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An interesting note - 12/04/2005
The other day a big rig had a problem with one of the cables connecting the trailor to the tractor and ended up dumping its load of pipe and at the same time taking out a power pole that had a transformer on it. Power was out on the north end of town (where I live) for over 7 hours while they cleaned up the mess, fixed the pole and replaced the transformer.

When power was restored, I was now receiving email with subject lines including statements from my ISP that the messages were spam. Then, a day later, I could not retrieve any mail from any of my accounts. I called my ISP to restore that ability and it just so happens that for the last year or so this 'spam' filter has been in place and they couldn't figure out why it had just taken effect on MY account after the power outage.

Anyway, they've now whitelisted me so I get all messages, spam or not.

The interesting part is that SOME of what they've been filtering from me in the last year, and that I haven't been getting, are legitimate emails from WebRing.

They didn't tell me about this, they didn't post anything on their own website about it, etc. You all might want to call your own ISPs to see if this is happening to you without your knowledge.


Replied - 12/04/2005
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You all might want to call your own ISPs to see if this is happening to you without your knowledge.

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An excellent point, Marissa.

Last night I was on the phone with a client. I'd helped her set up her new email accounts and this client doesn't understand, or want to understand, how the computer works. POP3, SMTP, IP Address ... doesn't matter to her. Make it so she can push a button and it works.

Anyway, I'd helped her set up her new email accounts and she wasn't getting email.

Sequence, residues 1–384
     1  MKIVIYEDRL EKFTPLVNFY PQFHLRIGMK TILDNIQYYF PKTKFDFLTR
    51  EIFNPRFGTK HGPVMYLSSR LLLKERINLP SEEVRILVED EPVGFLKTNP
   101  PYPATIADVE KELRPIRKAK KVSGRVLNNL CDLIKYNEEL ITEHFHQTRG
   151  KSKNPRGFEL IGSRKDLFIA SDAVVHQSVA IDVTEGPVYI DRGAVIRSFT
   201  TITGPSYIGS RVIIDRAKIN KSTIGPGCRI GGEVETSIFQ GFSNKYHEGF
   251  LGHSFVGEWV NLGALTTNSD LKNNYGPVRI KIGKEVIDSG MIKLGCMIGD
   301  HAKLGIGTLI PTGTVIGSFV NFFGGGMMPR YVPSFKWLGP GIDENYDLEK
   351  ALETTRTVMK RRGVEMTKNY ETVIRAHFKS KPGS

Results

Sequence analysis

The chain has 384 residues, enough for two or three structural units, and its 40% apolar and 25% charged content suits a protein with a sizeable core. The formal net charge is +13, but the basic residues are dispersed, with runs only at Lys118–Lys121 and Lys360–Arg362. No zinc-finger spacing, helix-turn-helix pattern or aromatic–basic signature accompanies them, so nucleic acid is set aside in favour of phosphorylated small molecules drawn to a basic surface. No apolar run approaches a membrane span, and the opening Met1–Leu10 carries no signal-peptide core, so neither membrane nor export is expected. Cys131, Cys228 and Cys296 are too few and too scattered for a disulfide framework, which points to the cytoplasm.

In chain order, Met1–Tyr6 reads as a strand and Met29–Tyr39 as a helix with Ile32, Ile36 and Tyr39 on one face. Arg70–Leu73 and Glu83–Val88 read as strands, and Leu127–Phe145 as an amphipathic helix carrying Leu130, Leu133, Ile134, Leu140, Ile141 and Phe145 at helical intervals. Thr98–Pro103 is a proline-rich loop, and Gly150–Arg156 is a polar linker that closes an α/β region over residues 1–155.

Long story short, seems that Southwestern Bell / Yahoo (yep, Southwestern Bell has contracted with our dear friends Yahoo to provide internet connectivity services) ... seems they had turn ON her "spam filter".

We found several HUNDRED emails by logging onto her account through the WEB, locating those emails in a "folder" where her Outlook could not download them.

Why would the do this?

Two reasons:

1. They really hate it when people use tools like Outlook to manage their mail. When we do that, we don't have to EVER (and I mean EVER) log into the Southwestern Bell / Yahoo screens to manage our mail. And that means we don't get to watch advertisements. And that reduces their revenue. And that could, if carried far enough, reduce the number of cars, jets and homes the president could own.

2. They don't really listen. She never asked them to turn on spam blocking. But they didn't hear her not ask. They just did things the way that was convenient for them. Ignore the customer.

(Can you tell I do not like The Phone Company? Combine TPC with Yahoo and you punch all of my buttons!!)

Anyway, your advice is a good one, Marissa. Get on the phone and be absolutely, positively sure your ISP isn't blocking anything.

James S. Huggins

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